Clinical Hub,Patient Education,Health and Nutrition Facts For You,Respiratory

Inhaler with a Spacer (6841)

Inhaler with a Spacer (6841) - Clinical Hub, Patient Education, Health and Nutrition Facts For You, Respiratory


Inhaler with a Spacer

A metered dose inhaler is a small aerosol canister in a plastic holder that delivers a burst of
medicine directly to the lungs.

Adding a spacer makes it easier for you to use the inhaler, and makes sure the right amount of
medicine gets into the lungs. The purpose of the spacer is to hold the medicine released from the
inhaler so you have time to inhale it into your lungs. By using a spacer, side effects from the
medicine may be less.

Preparing the Inhaler and Spacer for Use
Prime the inhaler by shaking it for 5 seconds. Then spray 4 puffs into the air away from your
face. Your inhaler should be primed before the first use and if you have not used it regularly in 2

How to Use Your Inhaler and Spacer
1. Remove the mouthpiece caps from the spacer and the
2. Put the inhaler mouthpiece into the larger end of the
3. Shake the inhaler and spacer well, mixing the
medicine properly.
4. Sit upright, tilt your head back slightly and breathe
out to empty your lungs of air.
5. Put the spacer mouthpiece in your mouth and seal
your lips around the mouthpiece.
6. Squeeze the inhaler once to release one puff.
7. Breathe in slowly and deeply through your mouth over 3-5 seconds. If you are not able to
take a single deep breath, you may take 3 or 4 slow deep breaths.
8. Hold your breath for 10 seconds or as long as you can, to allow the medicine to reach all of
the areas of your lungs.
9. Remove the spacer from your mouth and breathe out.
10. Resume normal breathing.
11. Shake inhaler well between puffs.
12. Repeat steps 3 through 11 for more puffs.

How to Use a Spacer and Mask with Your Child’s Metered Dose Inhaler
1. Remove the mouthpiece caps from the
spacer and the inhaler.
2. Put the inhaler mouthpiece into the larger
end of the spacer
3. Shake the inhaler and spacer well, mixing
the medicine properly.
4. Support your child in a sitting position with
the child’s chin tilted up slightly.
5. Gently place the mask over your child’s
mouth and nose. Squeeze the inhaler once
to release a puff of medicine into the
6. Continue to hold the mask over your child’s mouth and nose for several breaths (5-6). You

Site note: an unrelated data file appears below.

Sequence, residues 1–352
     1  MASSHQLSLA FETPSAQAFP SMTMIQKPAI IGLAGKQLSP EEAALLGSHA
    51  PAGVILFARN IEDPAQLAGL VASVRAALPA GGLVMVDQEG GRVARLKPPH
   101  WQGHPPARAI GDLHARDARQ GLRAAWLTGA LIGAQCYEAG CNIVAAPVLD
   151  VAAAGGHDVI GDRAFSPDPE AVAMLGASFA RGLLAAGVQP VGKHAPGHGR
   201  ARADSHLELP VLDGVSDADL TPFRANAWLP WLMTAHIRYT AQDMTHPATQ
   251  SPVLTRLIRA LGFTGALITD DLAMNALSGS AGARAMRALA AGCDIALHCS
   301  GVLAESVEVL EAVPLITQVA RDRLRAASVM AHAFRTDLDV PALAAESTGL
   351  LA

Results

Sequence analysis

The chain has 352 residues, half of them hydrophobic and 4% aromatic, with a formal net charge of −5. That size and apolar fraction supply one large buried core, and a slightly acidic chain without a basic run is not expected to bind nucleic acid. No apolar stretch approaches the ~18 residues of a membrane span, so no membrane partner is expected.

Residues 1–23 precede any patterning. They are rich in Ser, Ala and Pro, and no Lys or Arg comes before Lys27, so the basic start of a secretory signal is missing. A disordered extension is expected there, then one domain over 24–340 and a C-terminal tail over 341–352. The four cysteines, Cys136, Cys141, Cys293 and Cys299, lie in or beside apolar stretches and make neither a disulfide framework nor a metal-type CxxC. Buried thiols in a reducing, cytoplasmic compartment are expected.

should see the flap valve inside the spacer open slightly with each breath.
7. Remove the mask from your child’s face.
8. Shake inhaler well between puffs.
9. Repeat steps 3 through 7 for more puffs.

Important Metered Dose Inhaler Facts
ξ Store your inhaler at room temperature. Avoid storing the metered dose inhaler in your car,
as extreme temperatures can affect the inhaler medicine.
ξ If you are using a steroid inhaler, rinse your mouth or brush your teeth after each use. If you
are giving your child a steroid inhaler using the spacer with mask, wipe their face with warm
water, dry their face and have them rinse their mouth if possible to avoid thrush.
ξ Check the expiration date stamped on the inhaler canister.
ξ Each inhaler has a certain amount of puffs or “actuations”. If your inhaler does not have a
counter on it, you will need to figure out how many puffs you use a day. Mark it on a
calendar so you know when to start a new inhaler.
ξ Be sure to refill your inhaler prescription well before the inhaler is empty when the counter
reaches zero.

Cleaning the Inhaler and Spacer
ξ Wash the spacer with dish soap and warm water weekly. Rinse with warm water and air dry
on a clean towel.
ξ Do not scrub the inside of the spacer; it has a special coating inside.
ξ Do not put the inhaler in water.
ξ Once a week, you can use a dry cotton swab to clean the opening where the puff sprays out
of the inhaler.

The Spanish version of this is #6688

Your health care team may have given you this information as part of your care. If so, please use it and call if you
have any questions. If this information was not given to you as part of your care, please check with your doctor. This
is not medical advice. This is not to be used for diagnosis or treatment of any medical condition. Because each
person’s health needs are different, you should talk with your doctor or others on your health care team when using
this information. If you have an emergency, please call 911. Copyright © 11/2016 University of Wisconsin Hospitals
and Clinics Authority. All rights reserved. Produced by the Department of Nursing, HF#6841